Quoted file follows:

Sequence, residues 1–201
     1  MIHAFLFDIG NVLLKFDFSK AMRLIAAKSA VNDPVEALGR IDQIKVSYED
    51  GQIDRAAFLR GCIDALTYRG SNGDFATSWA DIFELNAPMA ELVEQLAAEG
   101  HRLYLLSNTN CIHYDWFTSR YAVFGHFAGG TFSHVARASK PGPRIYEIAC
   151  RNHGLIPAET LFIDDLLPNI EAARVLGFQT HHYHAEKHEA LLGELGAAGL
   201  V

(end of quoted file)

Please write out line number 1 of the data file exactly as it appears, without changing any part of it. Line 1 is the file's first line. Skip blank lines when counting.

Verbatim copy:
Sequence, residues 1–201